The unprecedented gathering will involve delegates from at least half a dozen Muslim organizations and mosques setting aside sectarian and theological differences to lay the groundwork for a collective solution to prevent young Canadians from joining terror groups like the Islamic State.
“It’s really important considering that everyone that will be there all have theological differences,” said Imam Umair Khan, of Calgary’s Ahmadiyya Muslim Jama’at (Community).
Calgary’s police chief will meet privately Thursday with a broad spectrum of local Muslim leaders for frank, closed-door discussions about curbing youth radicalization.
Imam Umair Khan, of Calgary’s Ahmadiyya Muslim Jama’at (Community) says:
“It’s huge that everyone is getting together, setting aside their differences and speaking on a common goal, which is that what these extremist groups are doing is not correct,” he said.
At least 130 Canadians, mostly young men, are believed to have been recruited by foreign terrorist organizations and have been fighting in Syria and Iraq, according to federal officials.
City police suspect at least 30 Calgarians are among those recruits.
Fears of homegrown terrorism were realized last month in two attacks. A Canadian soldier was killed in a hit-and-run in Quebec and another soldier was shot to death in Ottawa. Both attackers were recent converts to Islam.
Chief Rick Hanson was unavailable Wednesday to discuss this week’s meeting.
But Insp. Mike Bossley, with the Calgary Police Services’ community and youth services section, said the confidential meeting allows participants to speak freely about solutions and criminal radicalization.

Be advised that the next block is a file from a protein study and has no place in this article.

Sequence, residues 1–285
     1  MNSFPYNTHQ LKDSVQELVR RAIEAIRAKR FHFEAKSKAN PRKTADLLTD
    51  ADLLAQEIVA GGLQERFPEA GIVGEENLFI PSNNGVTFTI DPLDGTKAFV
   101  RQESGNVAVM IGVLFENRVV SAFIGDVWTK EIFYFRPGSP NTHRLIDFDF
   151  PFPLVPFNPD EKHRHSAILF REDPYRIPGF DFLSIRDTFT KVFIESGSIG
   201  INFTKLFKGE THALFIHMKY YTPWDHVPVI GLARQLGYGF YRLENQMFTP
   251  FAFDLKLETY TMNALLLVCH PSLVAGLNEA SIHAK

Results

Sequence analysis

“It gives us an opportunity to have an initial meeting where we’re communicating openly and honestly and being sensitive to everybody’s needs,” Bossley said. “Whereas if you do it individually, you may not get that really open conversation … which is what we’re hoping to do.”
“By providing an opportunity where we can have multiple voices, we can learn more than by having individual meetings with each group,” he said.
In September, local Muslim leaders, social agencies, city police, RCMP and politicians gathered in Calgary for a four-day conference, OWNIT 2014, to build and strengthen relationships to counter youth radicalization.
Earlier this week, SAIT’s Ahmadiyya Muslim Students’ Association played host to Stop The CrISIS, a nationwide campaign in which a panel of Islamic scholars discuss youth radicalization and foster dialogue between Muslims and non-Muslims.
“We’re at the point now where condemning is not enough,” said Khan, one of the speakers at the Stop The CrISIS event. “We have to do something, and our approach is in education.”
Imam Syed Soharwardy, founder of the Islamic Supreme Council of Canada, said Thursday’s meeting marks the …read more at calgaryherald.com